The Commission on Health and Safety and Workers’ Compensation (CHSWC) examines the health and safety and workers’ compensation systems in California and makes recommendations to improve their operation. CHSWC is composed of eight members appointed by the Governor, Senate and Assembly to represent employers and labor.
At the request of the Executive Branch, the Legislature and the Commission, CHSWC conducts research, releases public reports, presents findings, and provides information on the health and safety and workers’ compensation systems. They have just released the 247 page 2020 Annual Report.
Some of the highlights of the many topics covered in the Report include:
The Return-to-Work Supplemental Program administers a $120 million fund that makes supplemental payments to workers whose permanent disability benefits are disproportionately low in comparison to their earnings losses. A recent CHSWC study by RAND that evaluated the Return-to-Work Fund found a low rate of receipt of the RTWSP among eligible workers. CHSWC made a number of recommendations including increasing outreach and notification to help increase participation.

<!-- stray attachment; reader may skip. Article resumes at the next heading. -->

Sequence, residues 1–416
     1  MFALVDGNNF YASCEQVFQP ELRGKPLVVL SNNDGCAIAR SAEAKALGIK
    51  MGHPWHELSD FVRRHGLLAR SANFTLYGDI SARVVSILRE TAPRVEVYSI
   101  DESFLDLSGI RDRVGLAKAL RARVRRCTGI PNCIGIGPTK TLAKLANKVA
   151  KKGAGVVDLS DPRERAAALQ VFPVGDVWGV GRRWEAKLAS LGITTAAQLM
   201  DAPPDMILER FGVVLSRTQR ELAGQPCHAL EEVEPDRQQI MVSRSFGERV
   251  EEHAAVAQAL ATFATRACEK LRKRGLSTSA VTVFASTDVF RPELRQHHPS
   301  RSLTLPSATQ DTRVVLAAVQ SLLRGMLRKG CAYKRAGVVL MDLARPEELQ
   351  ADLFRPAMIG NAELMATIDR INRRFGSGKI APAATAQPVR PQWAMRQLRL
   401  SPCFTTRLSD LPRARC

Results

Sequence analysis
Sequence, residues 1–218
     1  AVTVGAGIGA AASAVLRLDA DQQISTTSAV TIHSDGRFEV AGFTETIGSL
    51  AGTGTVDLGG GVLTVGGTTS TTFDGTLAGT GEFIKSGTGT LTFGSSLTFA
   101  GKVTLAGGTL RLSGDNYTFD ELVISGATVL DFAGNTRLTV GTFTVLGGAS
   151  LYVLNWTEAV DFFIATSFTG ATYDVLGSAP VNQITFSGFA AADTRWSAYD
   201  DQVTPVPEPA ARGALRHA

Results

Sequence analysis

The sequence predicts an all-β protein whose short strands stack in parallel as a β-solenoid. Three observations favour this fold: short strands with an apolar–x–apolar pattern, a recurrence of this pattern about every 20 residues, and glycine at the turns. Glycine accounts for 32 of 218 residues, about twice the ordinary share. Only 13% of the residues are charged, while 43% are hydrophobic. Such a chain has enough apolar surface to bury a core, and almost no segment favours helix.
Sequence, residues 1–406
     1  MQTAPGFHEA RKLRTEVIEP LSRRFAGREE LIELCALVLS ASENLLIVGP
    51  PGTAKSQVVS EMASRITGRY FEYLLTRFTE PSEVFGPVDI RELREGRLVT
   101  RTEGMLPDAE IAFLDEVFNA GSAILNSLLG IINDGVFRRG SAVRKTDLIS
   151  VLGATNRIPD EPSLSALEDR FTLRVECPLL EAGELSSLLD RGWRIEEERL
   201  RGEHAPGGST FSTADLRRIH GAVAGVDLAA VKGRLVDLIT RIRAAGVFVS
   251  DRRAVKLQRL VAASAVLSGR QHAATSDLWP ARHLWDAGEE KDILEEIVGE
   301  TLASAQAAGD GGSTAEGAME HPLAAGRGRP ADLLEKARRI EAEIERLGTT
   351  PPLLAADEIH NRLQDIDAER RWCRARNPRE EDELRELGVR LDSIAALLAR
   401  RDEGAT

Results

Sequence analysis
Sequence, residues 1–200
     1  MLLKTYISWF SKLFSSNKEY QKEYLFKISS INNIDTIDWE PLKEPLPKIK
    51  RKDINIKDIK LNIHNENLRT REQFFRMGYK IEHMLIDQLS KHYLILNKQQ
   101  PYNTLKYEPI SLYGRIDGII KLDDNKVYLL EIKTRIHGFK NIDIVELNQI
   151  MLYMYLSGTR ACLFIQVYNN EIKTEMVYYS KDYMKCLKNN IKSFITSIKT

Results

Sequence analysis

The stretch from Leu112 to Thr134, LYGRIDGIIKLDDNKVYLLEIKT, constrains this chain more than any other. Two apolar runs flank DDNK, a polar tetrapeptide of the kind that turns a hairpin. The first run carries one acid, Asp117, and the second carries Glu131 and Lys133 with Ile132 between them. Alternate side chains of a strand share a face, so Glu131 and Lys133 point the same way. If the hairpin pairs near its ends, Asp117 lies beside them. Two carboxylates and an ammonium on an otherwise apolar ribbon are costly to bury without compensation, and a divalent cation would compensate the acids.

Research on the impact of the 2012 workers’ compensation reforms on earnings losses suggests that SB 863 has likely met its primary objective of restoring adequate wage replacement rates, although some inequities still exist in these rates across impairments.
The DWC recently adopted changes in its Physician Services/Non-Physician Practitioner Services Fee Schedule to encourage greater use of telehealth in light of the COVID-19 public health emergency. The Commission recommended that administrators monitor and study the use of telehealth and other medical care changes in WC in light of the COVID-19 pandemic.
In recent years, criminal indictments and prosecutions have highlighted the extent of medical provider fraud in the WC system. Estimates of the cost of this fraud to participants in the WC system are as high as $1 billion per year. They as that officials consider recommendations in the RAND report “Provider Fraud in California Workers’ Compensation” related to provider fraud.
A CHSWC study found that between $15 billion and $68 billion in payroll is underreported annually. A related study on split class codes found that 25 to 30 percent of low-wage payroll is underreported or misreported.
SB 1159 (2020) would require the Commission on Health and Safety and Workers’ Compensation to conduct a study of the impacts of COVID-19 and the specific presumptions created by this bill and report its findings to the Legislature and the Governor.
SB 1159 provides that a preliminary report from CHSWC is due to the Legislature and the Governor by December 31, 2021, and the final report must be delivered by April 30, 2022.